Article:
MR. DANIEL Kwaku Botwe, former Minister for Information and currently New Patriotic Party (NPP) presidential aspirant for the 2008 general elections, says he has paid his due to the Danquah/Busia Tradition in terms of sacrifice and commitment.
He noted also that going by the experience he had acquired in his 25 years of politics coupled with the his desire to better the lot of the people, he thinks he is best cut-out to become the president of Ghana.
Making the declaration in an interview on Adom 106.3FM, a Tema-based radio station, the former NPP general secretary said he opted to enter politics by choice.
“I don't usually like talking of my achievements and track record, but honestly, if you are talking of exposure and experience, then I don't play second fiddle to any of the aspirants or contestants in the on-going flagbearership race,” he said.
He observed that NPP did not just win political power in 2000 simply because the people needed a change.
The then opposition, he stressed, fought for it to the extent that some people paid dearly for it, and recalled how Hon. Kwamena Bartels was stabbed on one occasion for being vocal on political issues.
The aspirant said he had proven his worth when he took over power as general secretary of the party in 1998, saying for eight years, he travelled across all 230 constituencies in the country and was able to energize and encourage the party foot-soldiers to work for the party.
“When you talk of the real art of governance, policy making mechanism and the inner machinery of governance, I have been part of it since 2001,” he added.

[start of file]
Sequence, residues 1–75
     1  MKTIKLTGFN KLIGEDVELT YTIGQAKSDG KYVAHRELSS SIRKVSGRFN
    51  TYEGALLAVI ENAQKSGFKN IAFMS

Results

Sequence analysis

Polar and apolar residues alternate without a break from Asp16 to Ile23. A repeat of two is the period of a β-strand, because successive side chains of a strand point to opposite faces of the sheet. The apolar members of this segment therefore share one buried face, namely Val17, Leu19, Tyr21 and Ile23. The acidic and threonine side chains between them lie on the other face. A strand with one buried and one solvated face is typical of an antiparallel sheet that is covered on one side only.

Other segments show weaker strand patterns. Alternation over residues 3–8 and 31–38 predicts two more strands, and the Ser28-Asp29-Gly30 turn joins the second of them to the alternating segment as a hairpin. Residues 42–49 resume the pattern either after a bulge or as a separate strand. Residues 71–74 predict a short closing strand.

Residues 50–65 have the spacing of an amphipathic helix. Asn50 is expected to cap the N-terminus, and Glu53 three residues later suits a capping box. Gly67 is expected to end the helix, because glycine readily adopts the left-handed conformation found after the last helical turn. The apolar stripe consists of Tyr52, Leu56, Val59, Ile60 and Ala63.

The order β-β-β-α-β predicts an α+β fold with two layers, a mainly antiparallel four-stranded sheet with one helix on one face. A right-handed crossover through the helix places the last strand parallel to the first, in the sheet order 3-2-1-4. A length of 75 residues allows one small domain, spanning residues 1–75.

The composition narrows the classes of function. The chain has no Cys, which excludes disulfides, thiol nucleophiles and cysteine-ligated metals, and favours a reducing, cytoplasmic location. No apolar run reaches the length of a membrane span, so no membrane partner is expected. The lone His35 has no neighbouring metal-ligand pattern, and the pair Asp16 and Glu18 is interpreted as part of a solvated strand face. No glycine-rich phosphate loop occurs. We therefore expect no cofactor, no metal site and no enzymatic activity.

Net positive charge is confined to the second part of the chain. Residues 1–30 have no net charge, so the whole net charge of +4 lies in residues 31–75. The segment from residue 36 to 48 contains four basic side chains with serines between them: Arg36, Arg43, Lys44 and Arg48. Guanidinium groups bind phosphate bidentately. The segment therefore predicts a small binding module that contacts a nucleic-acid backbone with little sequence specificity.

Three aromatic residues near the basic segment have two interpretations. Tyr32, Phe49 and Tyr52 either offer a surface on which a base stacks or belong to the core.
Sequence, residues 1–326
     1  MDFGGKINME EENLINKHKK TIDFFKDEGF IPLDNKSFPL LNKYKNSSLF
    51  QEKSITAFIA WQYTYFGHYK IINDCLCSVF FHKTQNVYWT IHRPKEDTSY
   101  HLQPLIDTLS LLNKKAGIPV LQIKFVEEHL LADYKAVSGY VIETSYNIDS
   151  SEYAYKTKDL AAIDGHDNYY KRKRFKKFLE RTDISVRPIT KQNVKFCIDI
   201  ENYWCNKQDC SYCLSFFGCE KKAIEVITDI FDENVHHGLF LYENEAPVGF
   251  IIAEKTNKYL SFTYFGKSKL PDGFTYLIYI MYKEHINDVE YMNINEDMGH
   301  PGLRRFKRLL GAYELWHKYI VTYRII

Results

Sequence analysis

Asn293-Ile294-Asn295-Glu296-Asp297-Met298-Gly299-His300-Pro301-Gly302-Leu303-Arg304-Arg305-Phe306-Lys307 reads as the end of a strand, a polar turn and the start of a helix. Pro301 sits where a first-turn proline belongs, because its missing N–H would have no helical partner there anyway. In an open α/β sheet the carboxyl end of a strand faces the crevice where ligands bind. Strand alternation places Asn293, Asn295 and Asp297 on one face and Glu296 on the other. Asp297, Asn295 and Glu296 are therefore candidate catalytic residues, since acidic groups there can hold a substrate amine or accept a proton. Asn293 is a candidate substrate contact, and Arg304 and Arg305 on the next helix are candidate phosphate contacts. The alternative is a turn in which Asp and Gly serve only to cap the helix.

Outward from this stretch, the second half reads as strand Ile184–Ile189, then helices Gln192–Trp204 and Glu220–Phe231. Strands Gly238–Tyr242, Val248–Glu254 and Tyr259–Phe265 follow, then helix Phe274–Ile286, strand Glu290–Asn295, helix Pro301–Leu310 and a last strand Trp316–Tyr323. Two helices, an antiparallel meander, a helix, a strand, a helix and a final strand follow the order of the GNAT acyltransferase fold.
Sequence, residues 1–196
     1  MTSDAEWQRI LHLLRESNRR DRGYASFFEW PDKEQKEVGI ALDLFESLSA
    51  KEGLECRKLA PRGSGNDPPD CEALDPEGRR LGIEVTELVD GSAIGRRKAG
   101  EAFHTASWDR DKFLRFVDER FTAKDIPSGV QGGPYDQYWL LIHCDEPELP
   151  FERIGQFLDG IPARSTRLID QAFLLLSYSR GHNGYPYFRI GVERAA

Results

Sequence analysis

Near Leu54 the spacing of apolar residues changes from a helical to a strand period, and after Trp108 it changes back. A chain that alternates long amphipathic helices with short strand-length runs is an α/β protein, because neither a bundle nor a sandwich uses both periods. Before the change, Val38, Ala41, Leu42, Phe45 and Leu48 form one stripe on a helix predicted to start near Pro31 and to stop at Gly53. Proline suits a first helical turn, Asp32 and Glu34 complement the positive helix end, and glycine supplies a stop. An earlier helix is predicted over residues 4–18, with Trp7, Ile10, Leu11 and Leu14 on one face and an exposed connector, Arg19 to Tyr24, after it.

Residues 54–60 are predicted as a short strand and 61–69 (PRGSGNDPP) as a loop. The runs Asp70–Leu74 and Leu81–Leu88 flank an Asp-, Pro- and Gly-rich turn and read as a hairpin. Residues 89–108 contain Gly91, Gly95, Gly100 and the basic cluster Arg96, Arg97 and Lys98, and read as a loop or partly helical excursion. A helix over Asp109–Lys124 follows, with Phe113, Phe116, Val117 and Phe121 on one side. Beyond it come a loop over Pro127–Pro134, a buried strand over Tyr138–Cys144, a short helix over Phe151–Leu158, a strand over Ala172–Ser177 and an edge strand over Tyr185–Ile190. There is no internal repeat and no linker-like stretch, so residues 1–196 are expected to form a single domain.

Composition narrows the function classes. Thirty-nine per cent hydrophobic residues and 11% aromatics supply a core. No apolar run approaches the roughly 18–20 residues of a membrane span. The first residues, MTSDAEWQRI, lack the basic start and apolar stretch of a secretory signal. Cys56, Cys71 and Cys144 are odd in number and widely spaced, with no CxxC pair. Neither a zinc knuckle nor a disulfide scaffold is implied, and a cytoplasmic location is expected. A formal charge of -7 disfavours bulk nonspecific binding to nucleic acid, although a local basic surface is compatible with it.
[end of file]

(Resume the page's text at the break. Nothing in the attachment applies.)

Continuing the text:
He hinted further that he delayed in openly declaring his intension to enter the race, not because he was undecided, but largely because he felt the programmes of government should first be sold to the populace.
“I wanted to be president long ago. I didn't start my campaign early enough because it was not proper to do so at the time. In fact, I had been hesitant about it but it did not mean I wasn't sure of myself,” he explained.
Mr. Botwe explained that his understanding of politics is to pursue policies and programmes that would go a long way to upgrade the lives of the people.
According to him, sound political judgment, boldness to take decisions and the discipline to implement those decisions were the hallmarks of a good president.
“One good policy of a president”, he noted, “can affect millions of lives within a short time. His duty is to harness the natural and human resources of the country. Looking at the powers of a president, he can do a lot for the people, and I want to better the lot of my people.”
Speaking on a wide range of issues, the presidential hopeful maintained that even though the current government had done a lot for the nation, much more needed to be done in all the sectors, stressing that no government on earth had reached the end of development.
“If you invest in education, it's more than discovering oil or gold. Our educated children can be likened to the oil wells that never run dry,” he indicated, and lamented that Ghana could not be labeled an agricultural country as it still imports tomatoes from neighbouring Burkina Faso.
On corruption, Dan Botwe said it was one area that his government would not close its eyes to, and promised that any minister in his government accused of corruption would be invited to clear the air.
Mr. Botwe is one of the 19 people vying for the ruling party's presidential slot.
By Bennett Akuaku